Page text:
Dr. Anthony Fauci now says as much as 90 percent of the population may need to get vaccinated or infected to achieve herd immunity against COVID-19 — admitting in a new interview that he has been intentionally raising the bar based, in part, on what he thinks the country is ready to hear.
“We really don’t know what the real number is,” the nation’s top infectious disease expert told the New York Times.
“I think the real range is somewhere between 70 to 90 percent. But, I’m not going to say 90 percent.”
The director of the National Institute of Allergy and Infectious Diseases acknowledged that he’s been intentionally upping that number as science’s understanding of the virus has changed — and as Americans have become more confident in coronavirus vaccines.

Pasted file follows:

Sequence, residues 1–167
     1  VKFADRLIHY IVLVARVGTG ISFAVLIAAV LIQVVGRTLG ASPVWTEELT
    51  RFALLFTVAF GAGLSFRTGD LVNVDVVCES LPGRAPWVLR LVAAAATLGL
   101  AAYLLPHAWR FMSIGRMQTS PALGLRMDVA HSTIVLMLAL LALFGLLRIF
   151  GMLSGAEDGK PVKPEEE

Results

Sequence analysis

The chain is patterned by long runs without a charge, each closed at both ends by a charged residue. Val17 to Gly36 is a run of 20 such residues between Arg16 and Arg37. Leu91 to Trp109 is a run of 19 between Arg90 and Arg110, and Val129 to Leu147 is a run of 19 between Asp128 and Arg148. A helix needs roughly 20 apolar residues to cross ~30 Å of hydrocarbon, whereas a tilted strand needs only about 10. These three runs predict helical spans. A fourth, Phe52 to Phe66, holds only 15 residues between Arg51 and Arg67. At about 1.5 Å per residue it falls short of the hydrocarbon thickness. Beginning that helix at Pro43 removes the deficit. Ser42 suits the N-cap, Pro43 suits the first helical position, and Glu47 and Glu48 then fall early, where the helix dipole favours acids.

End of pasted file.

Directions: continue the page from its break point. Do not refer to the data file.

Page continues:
“When polls said only about half of all Americans would take a vaccine, I was saying herd immunity would take 70 to 75 percent,” he said.
“Then, when newer surveys said 60 percent or more would take it, I thought, ‘I can nudge this up a bit,’ so I went to 80, 85.”
He said he’s comfortable drawing the line at 90 percent herd immunity because he doesn’t believe the virus is more infectious than the measles, which falls in that range.
“I’d bet my house that COVID isn’t as contagious as measles,” he said.
Around 46 percent of Americans plan to take the vaccine at the earliest available opportunity, while 32 percent are willing to wait for others to get the shot first, according to a recent USA Today-Suffolk University survey.